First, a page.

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Tunisian president dissolves Supreme Judicial Council

February 6, 2022

Kais Saied's decision raised fears about the independence of the judiciary and was sure to anger his opponents. Judicial Council head Youssef Bouzakher said the move was "illegal."

Tunisian President Kais Saied
Critics worry that Saied is consolidating his powerImage: Muhammad Hamed/REUTERS

Tunisian President Kais Saied dissolved the Supreme Judicial Council on Sunday.

He said the body that deals with judicial independence "has become a thing of the past."

Sunday's announcement caps months of his sharp criticism of the judges, saying the judiciary is just "a function of the state."

Last month, Saied revoked all financial privileges for council members.

"In this council, positions and appointments are sold according to loyalties. Their place is not the place where they sit now, but where the accused stand," he said.

Saied accused of 'power grab'

Tunisian Supreme Judicial Council head Youssef Bouzakher shot back, saying the president's decision to dissolve the body was "illegal" and an attempt to put the judiciary under presidential instruction.

"We continue to carry out our duties and we will defend the judicial council with all means at our disposal,'' Bouzakher said in a statement.

"The president's decision is illegal and a direct assimilation of the presidency," Bouzakher told the Reuters news agency by phone.

The Council itself also rejected Saied's decision, saying "it would continue carrying out its duties... refuse pressures against members of the council and judges."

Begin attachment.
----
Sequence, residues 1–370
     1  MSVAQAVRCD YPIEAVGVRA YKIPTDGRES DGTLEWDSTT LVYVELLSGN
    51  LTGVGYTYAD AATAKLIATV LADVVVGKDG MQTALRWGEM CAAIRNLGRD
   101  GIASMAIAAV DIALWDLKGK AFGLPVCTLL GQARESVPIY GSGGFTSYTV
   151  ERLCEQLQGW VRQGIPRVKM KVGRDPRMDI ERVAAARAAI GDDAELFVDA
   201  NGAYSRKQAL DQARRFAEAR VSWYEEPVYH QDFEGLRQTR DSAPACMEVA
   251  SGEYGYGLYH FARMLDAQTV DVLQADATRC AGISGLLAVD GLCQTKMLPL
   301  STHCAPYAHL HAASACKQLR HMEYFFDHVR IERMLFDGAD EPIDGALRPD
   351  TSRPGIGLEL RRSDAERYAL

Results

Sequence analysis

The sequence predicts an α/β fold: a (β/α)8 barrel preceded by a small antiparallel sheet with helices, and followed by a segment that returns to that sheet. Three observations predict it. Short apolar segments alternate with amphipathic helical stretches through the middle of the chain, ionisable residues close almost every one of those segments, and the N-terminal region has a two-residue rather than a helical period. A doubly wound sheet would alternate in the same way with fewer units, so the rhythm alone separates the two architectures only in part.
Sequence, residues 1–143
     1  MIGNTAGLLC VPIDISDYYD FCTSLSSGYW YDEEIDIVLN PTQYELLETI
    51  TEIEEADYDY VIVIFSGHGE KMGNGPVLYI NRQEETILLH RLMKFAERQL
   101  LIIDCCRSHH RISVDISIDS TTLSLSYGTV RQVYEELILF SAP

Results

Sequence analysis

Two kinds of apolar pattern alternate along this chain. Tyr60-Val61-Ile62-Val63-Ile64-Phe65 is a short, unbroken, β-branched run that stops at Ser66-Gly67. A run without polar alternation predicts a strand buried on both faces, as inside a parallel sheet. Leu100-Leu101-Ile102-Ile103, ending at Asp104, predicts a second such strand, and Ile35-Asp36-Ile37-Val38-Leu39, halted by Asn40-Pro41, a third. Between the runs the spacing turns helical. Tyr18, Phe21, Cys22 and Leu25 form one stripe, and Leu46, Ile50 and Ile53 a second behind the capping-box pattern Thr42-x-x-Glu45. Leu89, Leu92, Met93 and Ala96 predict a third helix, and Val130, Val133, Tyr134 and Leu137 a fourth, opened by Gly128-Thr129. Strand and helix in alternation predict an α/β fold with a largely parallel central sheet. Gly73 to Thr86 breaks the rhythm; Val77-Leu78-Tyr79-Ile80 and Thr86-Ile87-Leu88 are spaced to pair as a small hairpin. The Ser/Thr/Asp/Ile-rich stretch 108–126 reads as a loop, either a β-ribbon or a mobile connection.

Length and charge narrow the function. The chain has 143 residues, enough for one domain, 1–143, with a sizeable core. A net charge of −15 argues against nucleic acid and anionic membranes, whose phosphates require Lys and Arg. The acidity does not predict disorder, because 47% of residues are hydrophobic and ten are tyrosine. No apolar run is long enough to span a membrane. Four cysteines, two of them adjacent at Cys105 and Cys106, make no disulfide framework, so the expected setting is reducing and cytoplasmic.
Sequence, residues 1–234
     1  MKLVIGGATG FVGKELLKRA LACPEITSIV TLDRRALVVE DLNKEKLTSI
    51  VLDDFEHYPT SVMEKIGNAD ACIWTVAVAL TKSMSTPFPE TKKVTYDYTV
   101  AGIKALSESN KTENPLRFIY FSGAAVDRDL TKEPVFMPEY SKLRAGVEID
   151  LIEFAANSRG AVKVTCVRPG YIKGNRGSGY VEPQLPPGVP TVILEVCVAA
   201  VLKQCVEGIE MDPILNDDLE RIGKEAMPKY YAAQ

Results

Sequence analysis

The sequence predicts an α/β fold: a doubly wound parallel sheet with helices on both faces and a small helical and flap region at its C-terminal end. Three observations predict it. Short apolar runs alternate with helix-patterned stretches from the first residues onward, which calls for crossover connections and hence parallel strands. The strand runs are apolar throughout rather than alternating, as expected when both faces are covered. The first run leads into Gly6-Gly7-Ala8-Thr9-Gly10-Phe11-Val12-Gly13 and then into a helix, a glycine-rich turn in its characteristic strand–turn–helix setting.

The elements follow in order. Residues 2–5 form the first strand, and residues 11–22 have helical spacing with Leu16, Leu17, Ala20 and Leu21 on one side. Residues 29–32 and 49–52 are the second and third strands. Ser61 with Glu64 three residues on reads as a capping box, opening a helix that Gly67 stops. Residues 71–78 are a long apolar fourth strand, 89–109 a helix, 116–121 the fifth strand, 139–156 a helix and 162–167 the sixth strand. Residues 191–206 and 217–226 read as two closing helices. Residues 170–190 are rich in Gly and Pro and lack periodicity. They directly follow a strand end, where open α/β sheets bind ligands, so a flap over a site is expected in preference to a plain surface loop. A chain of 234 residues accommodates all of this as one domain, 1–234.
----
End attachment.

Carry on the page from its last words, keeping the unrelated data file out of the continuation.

Tunisia's Young Magistrates Association spoke out against the president's move, warning that it was part of a political purge of the judiciary.

Ghazi Chaouachi, the leader of the opposition Democratic Party, said the president's efforts to dissolve the judiciary council was part of a "power grab."

"By getting his hands on the judiciary, after he captured the executive and the legislative branches, his control is almost total," Ghaouachi said.

Saied promises to change the political system

The disintegration of the Supreme Judicial Council is just the latest move by Saied to tighten his grip on power.

Tunisia analyst Mariam Salehi speaks to DW

Last July, he plunged Tunisia into a constitutional crisis when he suspended the country's parliament, dismissed the sitting prime minister and granted himself executive powers.

He insisted that the "exceptional measures" were intended to save Tunisia from collapse.

Critics have called the measures a coup.

Thousands of Tunisians have since taken to the streets in demonstrations, some to support the president and others to protest against him.

Saied has started an online public consultation on a new constitution that he says will be put to a referendum in July.

He has not brought major political or civil society players into the process.

jsi, lo/dj (Reuters, AP)